116 3rd St SE
Cedar Rapids, Iowa 52401
Robert Baenziger Jr., a Quad Cities scuba diver who failed to surface after a dive into a million-gallon anaerobic digester June 8, died of accidental drowning, according to the Office of the State Medical Examiner.
The cause and manner of Baenziger’s death was released Wednesday after an autopsy conducted last month at the office in Ankeny. The delay in releasing the information was due to a wait for toxicology reports, staff said.
Baenziger, 54, of East Moline, died around 10 a.m. June 8 when he was unable to return to the top of the liquid in the tank at Sievers Family Farm in Stockton. The farm owner had hired Baenziger, a self-employed contractor, to dive into the tank to repair an agitator cable, officials said.
“As his fiancee was trying to pull him up, there were complications and he didn’t surface,” Scott County Sheriff’s Capt. Joe Caffery said last month. “For whatever reason, he relayed to her through radio communications that he was taking his helmet off. So when she pulled the rope up, the helmet came up.”
A team of commercial divers from Chicago later recovered Baenziger’s body from inside the tank. They said he did not have on proper protective clothing or safety gear for a dive into contaminated water.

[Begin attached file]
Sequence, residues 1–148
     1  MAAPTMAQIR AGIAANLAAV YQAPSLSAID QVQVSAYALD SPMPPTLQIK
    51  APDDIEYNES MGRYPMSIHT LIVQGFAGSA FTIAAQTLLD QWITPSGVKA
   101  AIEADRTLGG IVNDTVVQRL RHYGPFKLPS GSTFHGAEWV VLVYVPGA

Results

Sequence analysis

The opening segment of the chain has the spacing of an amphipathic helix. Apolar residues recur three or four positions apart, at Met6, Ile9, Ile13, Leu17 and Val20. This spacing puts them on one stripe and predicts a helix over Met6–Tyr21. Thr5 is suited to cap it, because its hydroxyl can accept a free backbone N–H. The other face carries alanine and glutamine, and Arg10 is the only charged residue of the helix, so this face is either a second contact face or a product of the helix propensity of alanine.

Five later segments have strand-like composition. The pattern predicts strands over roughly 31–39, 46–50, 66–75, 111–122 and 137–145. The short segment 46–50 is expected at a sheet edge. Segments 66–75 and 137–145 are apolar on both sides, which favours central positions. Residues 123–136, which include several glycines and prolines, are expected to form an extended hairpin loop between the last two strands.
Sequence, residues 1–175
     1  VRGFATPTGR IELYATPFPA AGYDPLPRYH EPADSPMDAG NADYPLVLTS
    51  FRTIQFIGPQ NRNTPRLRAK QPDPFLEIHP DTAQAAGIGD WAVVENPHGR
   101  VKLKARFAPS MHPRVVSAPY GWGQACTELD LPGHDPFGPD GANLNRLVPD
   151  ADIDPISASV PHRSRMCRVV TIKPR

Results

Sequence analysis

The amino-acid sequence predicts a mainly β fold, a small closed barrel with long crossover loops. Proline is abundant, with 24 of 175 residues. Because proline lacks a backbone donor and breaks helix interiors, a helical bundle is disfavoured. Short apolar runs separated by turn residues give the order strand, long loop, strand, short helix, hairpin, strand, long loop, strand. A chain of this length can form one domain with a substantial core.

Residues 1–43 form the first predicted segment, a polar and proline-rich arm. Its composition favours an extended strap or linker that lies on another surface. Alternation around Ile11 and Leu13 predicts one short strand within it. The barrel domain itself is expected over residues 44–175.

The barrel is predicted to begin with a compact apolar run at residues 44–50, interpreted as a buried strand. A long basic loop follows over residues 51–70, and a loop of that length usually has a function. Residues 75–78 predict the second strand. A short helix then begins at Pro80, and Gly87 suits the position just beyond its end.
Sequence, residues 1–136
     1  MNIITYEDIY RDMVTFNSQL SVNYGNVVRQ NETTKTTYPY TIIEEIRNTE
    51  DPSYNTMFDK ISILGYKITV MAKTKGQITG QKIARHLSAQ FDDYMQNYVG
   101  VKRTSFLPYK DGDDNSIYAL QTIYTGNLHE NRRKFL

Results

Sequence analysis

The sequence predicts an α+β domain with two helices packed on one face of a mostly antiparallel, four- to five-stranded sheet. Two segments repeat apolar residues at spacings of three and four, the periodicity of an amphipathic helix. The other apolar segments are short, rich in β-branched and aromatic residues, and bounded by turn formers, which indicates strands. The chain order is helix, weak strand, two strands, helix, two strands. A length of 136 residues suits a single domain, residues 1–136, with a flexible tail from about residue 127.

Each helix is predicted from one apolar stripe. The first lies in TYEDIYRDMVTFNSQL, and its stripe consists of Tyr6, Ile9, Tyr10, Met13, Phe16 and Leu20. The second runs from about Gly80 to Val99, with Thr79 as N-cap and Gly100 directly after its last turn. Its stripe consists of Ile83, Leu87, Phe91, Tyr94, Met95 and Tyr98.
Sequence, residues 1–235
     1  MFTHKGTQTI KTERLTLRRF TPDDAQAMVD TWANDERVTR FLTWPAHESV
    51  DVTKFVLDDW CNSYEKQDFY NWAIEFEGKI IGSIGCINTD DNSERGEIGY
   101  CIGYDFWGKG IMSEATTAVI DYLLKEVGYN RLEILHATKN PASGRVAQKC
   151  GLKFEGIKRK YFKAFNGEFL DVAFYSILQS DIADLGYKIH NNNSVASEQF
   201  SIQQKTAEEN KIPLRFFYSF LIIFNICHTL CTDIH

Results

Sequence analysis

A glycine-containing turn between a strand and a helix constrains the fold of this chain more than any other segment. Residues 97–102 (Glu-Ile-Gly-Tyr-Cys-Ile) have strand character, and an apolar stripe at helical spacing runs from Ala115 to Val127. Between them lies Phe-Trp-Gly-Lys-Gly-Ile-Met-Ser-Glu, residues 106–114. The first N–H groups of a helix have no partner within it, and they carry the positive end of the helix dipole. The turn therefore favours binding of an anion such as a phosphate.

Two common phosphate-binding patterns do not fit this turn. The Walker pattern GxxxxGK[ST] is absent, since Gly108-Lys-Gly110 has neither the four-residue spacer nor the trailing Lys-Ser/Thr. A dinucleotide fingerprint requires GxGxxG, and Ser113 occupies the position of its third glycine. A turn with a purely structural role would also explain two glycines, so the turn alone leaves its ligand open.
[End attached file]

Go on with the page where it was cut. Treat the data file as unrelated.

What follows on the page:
Because Baenziger was a self-employed contractor, he was exempt from Occupational Safety and Health Administration inspections, Iowa OSHA Administrator Russell Perry said. And the farm, which has 10 or fewer employees, also doesn’t fall within the purview of the worker safety agency.
The incident originally was described as happening in a manure tank, but it was in one of the farm’s two digester tanks, where cow manure and food waste are used to create methane, which can generate electricity and heat.
The Sievers Family Farm digester system, operated since 2013, is one of four on-farm digester systems in Iowa.
Baenziger’s primary job was as an independent contractor who did home repairs, but he was an experienced scuba diver, trained in the U.S. Army, who had done commercial dives at offshore oil wells and on the Mississippi River, family said last month.
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